I dragged my tired legs and body out of the hotel room, it had been raining all morning and it would have been easy to lay in bed and watch b-grade Spanish movies all day. But I was in Guayaquil, Ecuador's largest city and there was exploring to be done. I was rewarded with the best custard pastry I've had in my life, hands down, no contest, with chewy sticky treacle dripped over it. Next stop was Bolivar Plaza where there were turtles cruising around in the pond, this one popped up to say hello.

3turtle  3igu

There were dozens of Iguanas chilling out in the trees, laying there lifeless, hoping for the sun to come out to recharge their batteries. Next I walked along the impressive Malecon tropical gardens and boardwalk and found a little café. I was taken with the ducks so started to draw them, they moved a lot but it was fun trying to capture their frenetic search for food from snap-happy tourists.


A guy sitting opposite me kept checking me out and when we finished our drinks we both went over to pond. I didn't have a 25c coin to buy fish food so Adam, the Polish seaman came to the rescue. He offered to take me for a walk up to Las Penas, 444 steps up to a lookout with a beautiful view of Guayaquil and the paintbox cloured houses perched on the hill.

3444  3colourhiuses

It was hot and sticky so we stopped for cold beer halfway down and Adam bought me a rose from a young girl who was quite the saleswoman.

Like a Cinderella fairytale he had to be back onboard his ship by midnight and instead of losing a dainty glass slipper, I almost lost a plastic croc, it was so slippery in the rain.

Later that night I met up with Santiago, a local couchsurfer and his gang. We ate microwaved Empanadas and watched the twinkling lights of the big city. There's so much to explore here and the people are really friendly, I definitely recommend a visit if you're in Ecuador.



Distance cycled: 90km

Frogs and toads:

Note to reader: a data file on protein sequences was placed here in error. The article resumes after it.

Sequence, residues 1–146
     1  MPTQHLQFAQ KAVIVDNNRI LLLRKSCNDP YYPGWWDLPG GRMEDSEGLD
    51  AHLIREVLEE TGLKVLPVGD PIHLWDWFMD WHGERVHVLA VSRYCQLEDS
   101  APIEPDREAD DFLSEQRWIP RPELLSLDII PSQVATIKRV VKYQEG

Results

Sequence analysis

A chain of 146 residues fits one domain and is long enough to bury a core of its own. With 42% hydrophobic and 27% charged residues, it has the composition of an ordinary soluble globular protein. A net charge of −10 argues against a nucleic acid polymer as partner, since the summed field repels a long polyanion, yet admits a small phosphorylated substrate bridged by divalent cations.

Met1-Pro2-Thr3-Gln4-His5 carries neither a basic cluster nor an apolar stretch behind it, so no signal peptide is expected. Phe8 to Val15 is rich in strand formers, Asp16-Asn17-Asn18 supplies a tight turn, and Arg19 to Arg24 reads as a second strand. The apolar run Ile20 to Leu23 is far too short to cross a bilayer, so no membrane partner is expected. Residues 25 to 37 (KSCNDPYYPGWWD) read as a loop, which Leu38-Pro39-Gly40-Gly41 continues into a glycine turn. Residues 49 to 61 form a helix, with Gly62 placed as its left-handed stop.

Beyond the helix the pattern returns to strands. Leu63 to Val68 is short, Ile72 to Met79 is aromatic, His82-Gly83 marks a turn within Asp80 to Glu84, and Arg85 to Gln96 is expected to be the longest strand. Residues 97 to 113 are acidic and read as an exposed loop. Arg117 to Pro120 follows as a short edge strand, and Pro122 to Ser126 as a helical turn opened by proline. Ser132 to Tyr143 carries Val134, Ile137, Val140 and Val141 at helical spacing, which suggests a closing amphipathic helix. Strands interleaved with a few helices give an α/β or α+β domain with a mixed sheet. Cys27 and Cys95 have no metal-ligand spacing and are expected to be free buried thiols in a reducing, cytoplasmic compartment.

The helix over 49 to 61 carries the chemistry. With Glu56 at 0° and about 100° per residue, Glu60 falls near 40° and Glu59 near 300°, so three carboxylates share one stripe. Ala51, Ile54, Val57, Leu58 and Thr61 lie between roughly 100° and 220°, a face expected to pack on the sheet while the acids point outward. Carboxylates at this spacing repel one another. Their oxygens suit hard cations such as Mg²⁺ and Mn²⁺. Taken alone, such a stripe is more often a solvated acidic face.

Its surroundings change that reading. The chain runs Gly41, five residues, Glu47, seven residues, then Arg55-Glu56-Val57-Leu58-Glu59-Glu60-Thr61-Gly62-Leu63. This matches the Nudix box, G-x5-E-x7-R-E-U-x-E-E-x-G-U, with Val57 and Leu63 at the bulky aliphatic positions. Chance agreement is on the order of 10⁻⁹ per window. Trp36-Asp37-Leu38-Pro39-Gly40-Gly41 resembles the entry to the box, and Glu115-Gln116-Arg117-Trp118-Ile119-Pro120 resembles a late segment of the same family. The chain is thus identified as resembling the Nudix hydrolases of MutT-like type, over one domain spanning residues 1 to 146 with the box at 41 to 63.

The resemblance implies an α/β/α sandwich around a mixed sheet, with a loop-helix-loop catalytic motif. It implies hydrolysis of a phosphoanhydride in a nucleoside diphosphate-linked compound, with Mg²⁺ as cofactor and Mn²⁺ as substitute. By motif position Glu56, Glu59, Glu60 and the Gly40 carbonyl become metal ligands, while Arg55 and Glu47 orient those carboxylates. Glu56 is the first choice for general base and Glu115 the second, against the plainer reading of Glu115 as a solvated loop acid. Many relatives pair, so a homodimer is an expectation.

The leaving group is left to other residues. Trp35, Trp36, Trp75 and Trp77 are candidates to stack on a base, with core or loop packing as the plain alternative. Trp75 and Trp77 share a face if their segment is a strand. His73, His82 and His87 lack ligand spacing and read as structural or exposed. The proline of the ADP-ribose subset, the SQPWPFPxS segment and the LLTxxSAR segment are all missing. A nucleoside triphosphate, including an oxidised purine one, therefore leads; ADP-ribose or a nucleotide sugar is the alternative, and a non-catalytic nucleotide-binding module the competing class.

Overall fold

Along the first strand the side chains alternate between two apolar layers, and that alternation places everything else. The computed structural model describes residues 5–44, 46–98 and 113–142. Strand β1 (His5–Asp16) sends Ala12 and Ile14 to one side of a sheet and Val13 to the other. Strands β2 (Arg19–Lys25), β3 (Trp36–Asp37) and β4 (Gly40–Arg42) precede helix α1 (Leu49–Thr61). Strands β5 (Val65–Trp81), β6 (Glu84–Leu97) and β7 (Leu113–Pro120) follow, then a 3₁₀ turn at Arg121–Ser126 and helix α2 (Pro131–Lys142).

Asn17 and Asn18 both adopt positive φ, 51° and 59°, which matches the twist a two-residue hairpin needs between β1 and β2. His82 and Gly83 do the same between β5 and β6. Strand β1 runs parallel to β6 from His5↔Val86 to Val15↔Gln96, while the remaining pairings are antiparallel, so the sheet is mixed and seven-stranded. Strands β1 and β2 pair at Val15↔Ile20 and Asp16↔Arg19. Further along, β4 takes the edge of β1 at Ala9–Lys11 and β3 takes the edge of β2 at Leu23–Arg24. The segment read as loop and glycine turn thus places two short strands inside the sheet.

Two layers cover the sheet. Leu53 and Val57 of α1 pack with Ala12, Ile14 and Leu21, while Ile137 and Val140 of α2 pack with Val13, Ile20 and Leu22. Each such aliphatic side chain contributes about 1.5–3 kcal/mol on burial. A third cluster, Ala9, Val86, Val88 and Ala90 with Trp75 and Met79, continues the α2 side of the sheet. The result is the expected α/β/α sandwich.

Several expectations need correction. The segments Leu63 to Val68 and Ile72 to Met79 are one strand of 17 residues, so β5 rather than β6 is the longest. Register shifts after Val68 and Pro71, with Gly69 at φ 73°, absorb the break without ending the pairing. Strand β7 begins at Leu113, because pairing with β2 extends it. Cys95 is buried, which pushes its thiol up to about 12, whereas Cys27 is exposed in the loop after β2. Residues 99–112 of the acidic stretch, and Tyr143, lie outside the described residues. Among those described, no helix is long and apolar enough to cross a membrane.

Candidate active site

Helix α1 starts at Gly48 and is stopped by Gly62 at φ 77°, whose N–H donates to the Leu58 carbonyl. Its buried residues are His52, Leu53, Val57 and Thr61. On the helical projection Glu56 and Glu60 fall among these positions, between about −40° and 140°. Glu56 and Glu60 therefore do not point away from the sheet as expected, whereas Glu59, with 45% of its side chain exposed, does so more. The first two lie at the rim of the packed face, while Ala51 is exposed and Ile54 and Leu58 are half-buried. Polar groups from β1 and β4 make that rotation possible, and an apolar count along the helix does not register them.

In Ireland when you have a deadly day, it is considered to be brilliant, in Ecuador it means you have had to smell and witness a lot of road kill as the tally above indicates. I mean, how often to do you see dead horses? The dead snakes varied from approximately 60cm long up to big whoppers, which left me wondering if they could bite me while pedalling from their hiding place in the sugar cane fields.


One theory about the dead horses is that they drowned, as you can see a lot of the flat tableland is flooded at the moment. Occasionally we'd see someone in a canoe trying to get to their house.


The long flat road was a joy but the mountains kept getting closer and closer.


Another 90km cycled in 35 degree heat. If sweating was an olympic sport, I would have been awarded a gold medal today.

4beans  4birthday

Gunther kept putting things in his mouth that he shouldn't today. First it was the drying cocoa beans on the road and then it was Jose's candles on his birthday cake that he mistook for candy.

Latest Poll Results
New York: What will Indiana June do in the big apple?
21% Track down and visit Oliver Jeffers:
Renowned Children's storybook writer & illustrator
11% Walk the High Line:
A linear park built on a 1.45-mile section of the elevated NY Central Railroad 
11% Be a NYC detective for a day: 
Part game, theatre and tour to discover some of NYC's most off-the-beaten path spots
13% Explore the City Hall Subway Station: 
Abandoned & hidden from the public for 60 years
12% Flying trapeze class:
Hone her circus skills learning how to fly on a trapeze 
30% NZ Flag + Statue of Liberty:
Bodypaint the NZ flag on her body and go up the Statue of Liberty
2% Go to Queens and find a 'Nanny' sound-alike:
Video someone with the nanny accent saying "noo Zealand, i love that place"
Voting closed | 204 VOTES